“Cassandra Darke” by Posy Simmonds Publisher : Jonathan Cape, London – an imprint of Vintage Year : 2018
I have to admit that I’ve never particularly been a follower of Posy Simmonds’ work as a children’s book author / illustrator, newspaper strip artist and graphic novelist, though I know of her work.
Her more recent graphic novels have been adapted into successful live action feature films (“Tamara Drewe”, “Gemma Bovery”) hinting at her skill in crafting stories for a more mature audience, and “Cassandra Darke” builds on this resulting in something that feels very cinematic whilst avoiding the obvious visual conventions of the comic panel as a storyboard frame for a film.
I received the book as a Christmas present, which is apt since the story is set just before the festive season and ends at the New Year.
Simmonds’ adult fiction work has mostly been set in the milieu of advertising agencies, publishing and the art world, populated by sophisticated people who are revealed to be less than perfect and often quite horrible, and “Cassandra Darke” is no exception – the surname of the central character and cover art anticipates the “noir” tone of the story.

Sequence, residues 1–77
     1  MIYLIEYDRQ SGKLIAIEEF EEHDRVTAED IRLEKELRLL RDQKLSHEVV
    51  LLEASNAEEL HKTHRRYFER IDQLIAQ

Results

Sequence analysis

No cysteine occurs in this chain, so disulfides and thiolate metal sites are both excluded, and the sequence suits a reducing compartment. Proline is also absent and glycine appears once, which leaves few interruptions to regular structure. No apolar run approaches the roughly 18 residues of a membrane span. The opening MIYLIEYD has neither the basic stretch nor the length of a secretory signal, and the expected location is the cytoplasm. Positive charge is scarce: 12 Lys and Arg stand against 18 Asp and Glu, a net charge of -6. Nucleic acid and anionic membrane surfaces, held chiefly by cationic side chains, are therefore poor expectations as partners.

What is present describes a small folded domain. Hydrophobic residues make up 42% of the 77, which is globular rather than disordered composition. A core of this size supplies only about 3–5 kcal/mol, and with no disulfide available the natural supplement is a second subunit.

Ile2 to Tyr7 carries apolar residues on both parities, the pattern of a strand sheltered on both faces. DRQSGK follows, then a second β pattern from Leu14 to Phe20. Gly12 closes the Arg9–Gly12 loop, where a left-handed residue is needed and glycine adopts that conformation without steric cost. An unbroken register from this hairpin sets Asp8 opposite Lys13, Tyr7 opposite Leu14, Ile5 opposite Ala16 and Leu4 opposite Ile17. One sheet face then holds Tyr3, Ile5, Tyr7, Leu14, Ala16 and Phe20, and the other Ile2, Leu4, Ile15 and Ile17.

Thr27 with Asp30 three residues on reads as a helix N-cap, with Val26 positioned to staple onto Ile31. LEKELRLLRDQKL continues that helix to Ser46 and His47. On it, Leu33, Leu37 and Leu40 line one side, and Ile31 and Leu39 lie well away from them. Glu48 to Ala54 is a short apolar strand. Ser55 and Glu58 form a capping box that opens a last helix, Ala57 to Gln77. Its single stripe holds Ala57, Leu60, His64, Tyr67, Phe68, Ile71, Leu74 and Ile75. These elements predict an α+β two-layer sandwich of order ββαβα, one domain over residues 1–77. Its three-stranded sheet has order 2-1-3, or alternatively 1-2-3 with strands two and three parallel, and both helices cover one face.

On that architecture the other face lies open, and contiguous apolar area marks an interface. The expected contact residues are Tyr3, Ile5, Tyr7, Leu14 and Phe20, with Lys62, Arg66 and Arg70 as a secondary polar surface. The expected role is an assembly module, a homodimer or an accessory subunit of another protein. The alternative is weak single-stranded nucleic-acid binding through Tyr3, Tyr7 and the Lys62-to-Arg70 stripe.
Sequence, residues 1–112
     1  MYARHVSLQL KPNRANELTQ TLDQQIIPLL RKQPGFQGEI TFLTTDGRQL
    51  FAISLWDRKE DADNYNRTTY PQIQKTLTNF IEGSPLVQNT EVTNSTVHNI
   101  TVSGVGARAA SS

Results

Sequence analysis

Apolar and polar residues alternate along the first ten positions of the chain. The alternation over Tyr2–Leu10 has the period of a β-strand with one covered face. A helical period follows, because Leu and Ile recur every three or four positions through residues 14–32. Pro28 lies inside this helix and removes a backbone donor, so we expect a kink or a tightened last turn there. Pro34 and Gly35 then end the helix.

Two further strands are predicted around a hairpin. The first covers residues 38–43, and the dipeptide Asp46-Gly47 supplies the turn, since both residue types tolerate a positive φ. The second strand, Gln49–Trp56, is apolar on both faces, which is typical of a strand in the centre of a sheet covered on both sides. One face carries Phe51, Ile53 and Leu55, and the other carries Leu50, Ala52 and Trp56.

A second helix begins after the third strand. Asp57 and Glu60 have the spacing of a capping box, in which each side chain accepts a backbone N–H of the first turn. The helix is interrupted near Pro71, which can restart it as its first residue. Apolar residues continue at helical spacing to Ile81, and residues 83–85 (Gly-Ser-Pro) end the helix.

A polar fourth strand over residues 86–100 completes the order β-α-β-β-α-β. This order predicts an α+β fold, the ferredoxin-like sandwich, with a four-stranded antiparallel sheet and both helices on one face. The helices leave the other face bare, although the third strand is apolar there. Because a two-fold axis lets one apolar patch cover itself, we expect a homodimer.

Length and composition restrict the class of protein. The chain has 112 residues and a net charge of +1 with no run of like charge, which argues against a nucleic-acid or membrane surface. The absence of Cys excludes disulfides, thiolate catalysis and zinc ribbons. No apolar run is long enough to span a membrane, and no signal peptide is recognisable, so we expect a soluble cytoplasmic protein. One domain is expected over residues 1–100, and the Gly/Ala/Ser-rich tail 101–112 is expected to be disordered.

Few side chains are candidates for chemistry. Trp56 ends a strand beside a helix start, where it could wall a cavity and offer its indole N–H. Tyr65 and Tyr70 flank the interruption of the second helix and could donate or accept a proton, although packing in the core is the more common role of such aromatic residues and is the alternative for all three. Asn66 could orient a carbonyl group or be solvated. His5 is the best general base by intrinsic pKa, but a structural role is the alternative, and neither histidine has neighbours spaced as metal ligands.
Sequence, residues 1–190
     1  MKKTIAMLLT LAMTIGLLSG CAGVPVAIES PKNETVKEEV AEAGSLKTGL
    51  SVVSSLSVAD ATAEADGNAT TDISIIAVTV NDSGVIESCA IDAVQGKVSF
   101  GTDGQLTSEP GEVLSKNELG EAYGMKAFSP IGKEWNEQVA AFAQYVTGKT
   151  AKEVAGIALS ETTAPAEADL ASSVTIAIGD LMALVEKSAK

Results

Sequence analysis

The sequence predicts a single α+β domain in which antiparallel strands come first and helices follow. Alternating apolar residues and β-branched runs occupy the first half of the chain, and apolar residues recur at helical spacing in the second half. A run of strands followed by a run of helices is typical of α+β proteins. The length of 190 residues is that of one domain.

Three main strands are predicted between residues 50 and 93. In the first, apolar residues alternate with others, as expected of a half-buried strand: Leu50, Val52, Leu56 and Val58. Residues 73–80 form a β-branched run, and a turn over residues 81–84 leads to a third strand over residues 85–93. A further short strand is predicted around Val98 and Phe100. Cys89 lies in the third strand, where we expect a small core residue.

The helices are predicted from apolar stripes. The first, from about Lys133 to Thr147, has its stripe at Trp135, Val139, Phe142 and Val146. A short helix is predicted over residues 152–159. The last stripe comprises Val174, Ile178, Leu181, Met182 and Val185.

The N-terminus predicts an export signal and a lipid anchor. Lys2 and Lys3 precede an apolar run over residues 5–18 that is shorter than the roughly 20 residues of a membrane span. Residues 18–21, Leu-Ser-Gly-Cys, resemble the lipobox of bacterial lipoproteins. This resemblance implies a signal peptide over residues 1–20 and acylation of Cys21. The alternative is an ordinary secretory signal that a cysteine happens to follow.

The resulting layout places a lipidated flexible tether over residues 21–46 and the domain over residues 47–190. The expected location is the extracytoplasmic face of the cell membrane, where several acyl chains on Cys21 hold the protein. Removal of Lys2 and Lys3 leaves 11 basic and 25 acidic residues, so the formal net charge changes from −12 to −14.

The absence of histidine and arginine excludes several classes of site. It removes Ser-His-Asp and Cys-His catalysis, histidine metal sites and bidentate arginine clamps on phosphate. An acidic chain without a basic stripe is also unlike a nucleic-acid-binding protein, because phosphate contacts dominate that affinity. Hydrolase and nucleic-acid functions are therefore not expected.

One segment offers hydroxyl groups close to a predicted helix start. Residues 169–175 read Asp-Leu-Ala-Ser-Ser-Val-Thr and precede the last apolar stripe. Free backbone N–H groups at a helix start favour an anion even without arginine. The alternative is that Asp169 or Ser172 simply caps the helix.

The eponymous character is a 60-something curmudgeonly art dealer and West End art gallery owner who is embroiled in some skullduggery via her lodger and employee, Nicki, a twenty-something free spirit who resents her employer and who is the daughter of her ex-husband by another wife.
I don’t want to reveal too much of the plot, but it is very dark, perhaps darker than any of her previous work – it’s a darkness that is tempered by some brilliant characterization that somehow makes you want to follow some uniformly awful people through a plot that establishes Cassandra Darke’s character from page 1 – she really is a “piece of work”, beautifully realized by Simmonds deceptively economic graphic style – in terms of the plot it would suffice to say that what starts out with the suggestion that Darke is implicated in serial art fraud over decades, soon spirals into something darker.
Set in locations that are recognizably the London of the present day and that reflect the multicultural nature of the city without ever resorting to broad caricature, Simmonds is not sparing in depicting the shallow central characters in the same vein as satirical cartoonists like Hogarth and Gillray.
Whilst I’m appreciative of the graphic novel form (being an artist working in animation) I rarely dip into them – if you are expecting fantasy, this is not it – it’s more like a crime novel (again, personally, not a favourite genre) where illustrations take center stage over text and is refreshingly different for that reason.